Machine learning & cognitive computing

Cognitive sys­tems are in­spired by the hu­man brain, an or­gan that still has much to teach us.

—IBM scientist Arvind Sridhar

For several decades, the public has imagined sentient computers and robots that think and act like humans. However, it was always clear that this idea was a distant prospect.

Now we have entered the cognitive era where breakthroughs in computing are enhancing our ability to make sense of large bodies of data. This will provide guidance in making important decisions and revolutionizing industries.

Ask the experts

Bruno Michel

Bruno Michel

IBM Research scientist

Jonas Weiss

Jonas Weiss

IBM Research scientist

Arvind Sridhar

Arvind Sridhar

IBM Research scientist

Inspired by the human brain

Cognitive systems are inspired by the human brain, an organ that still has much to teach us.

Traditional computer architecture has reached its limits, as power consumption soars and the transmission delay between components is becoming increasingly tedious.

Indeed, when it comes to energy efficiency — measured in terms of the number of computations per energy unit on “unstructured” data — the human brain performs roughly 10,000 times better than the best man-made machines.

Inspired by the human brain

Machine learning

Cognitive computers are built to learn from their experiences by extracting useful information from unstructured data.

Interactive

Cognitive computers create deeper human engagement, using data about an individual to create more fully human interactions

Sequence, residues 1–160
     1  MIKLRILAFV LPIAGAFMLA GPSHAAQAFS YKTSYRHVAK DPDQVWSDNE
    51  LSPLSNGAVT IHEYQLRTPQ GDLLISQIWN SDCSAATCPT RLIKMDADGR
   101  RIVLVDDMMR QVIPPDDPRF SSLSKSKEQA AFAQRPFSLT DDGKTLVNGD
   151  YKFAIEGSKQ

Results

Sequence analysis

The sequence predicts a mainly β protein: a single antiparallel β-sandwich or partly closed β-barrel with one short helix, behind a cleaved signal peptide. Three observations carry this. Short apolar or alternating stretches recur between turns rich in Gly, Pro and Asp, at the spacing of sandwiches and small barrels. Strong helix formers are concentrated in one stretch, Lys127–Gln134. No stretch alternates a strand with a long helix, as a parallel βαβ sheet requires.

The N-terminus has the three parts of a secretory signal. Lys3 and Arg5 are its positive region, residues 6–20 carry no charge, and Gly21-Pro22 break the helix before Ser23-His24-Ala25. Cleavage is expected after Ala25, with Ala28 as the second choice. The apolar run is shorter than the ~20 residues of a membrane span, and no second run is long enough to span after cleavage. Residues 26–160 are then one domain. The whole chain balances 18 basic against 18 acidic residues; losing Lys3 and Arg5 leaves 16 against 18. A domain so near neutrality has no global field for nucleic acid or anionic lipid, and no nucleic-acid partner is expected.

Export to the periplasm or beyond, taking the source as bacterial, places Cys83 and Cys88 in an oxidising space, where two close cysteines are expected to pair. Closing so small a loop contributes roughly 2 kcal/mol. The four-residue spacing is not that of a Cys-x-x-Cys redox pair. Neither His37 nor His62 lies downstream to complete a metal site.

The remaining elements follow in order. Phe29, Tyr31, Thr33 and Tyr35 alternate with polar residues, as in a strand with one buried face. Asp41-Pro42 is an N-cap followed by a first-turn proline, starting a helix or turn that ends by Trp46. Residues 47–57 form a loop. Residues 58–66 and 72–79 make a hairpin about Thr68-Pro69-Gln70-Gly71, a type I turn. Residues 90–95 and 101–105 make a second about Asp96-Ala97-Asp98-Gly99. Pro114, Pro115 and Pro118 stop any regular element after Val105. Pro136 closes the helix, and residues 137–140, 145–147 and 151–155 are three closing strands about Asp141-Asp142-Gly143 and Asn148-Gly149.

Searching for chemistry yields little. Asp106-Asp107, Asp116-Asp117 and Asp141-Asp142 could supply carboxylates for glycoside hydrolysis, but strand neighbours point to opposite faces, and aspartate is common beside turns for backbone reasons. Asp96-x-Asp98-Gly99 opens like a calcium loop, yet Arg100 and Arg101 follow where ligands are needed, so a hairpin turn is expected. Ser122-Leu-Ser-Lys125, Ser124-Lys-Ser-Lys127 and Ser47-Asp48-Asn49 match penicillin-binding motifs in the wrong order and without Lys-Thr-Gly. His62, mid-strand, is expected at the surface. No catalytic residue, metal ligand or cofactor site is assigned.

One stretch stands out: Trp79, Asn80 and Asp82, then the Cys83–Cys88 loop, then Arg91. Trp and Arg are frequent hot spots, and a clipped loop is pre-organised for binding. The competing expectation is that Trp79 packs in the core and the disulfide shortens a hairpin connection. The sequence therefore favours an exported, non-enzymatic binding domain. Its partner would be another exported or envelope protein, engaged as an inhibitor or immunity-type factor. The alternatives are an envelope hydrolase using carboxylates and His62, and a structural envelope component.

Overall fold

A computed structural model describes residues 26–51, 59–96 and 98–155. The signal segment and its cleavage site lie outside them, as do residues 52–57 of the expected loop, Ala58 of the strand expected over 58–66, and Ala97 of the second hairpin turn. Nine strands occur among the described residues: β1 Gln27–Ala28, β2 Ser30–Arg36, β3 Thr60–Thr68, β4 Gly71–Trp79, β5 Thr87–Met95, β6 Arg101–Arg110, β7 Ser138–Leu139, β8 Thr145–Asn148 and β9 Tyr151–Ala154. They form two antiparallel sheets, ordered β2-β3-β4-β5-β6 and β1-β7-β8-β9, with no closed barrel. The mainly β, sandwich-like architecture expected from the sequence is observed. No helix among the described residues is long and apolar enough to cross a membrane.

Leverage expertise

Cognitive computers scale and elevate expertise, learning from experts in various fields and making that know-how available to broad populations

Internet of Things

Cognitive computers provide products, such as those connected to the Internet of Things, with the ability to sense the world around them and to learn about their users

Big Data

Cognitive computers allow us to make sense of large amounts of data, helping manage workflows, providing context, and allowing continuous learning, better forecasting, and improved operational effectiveness

Pattern recognition

Cognitive computers allow users to perceive patterns and opportunities that would be impossible to discover through traditional means

Improved Watson interfaces to the world

Innermost circle: Sources from the Internet.

Middle circle: Social media communication.

Outermost circle: Sensory information such as vision, hearing, or smell; vital functions such as pulse or brain activity; emotions and gestures.

Watson interface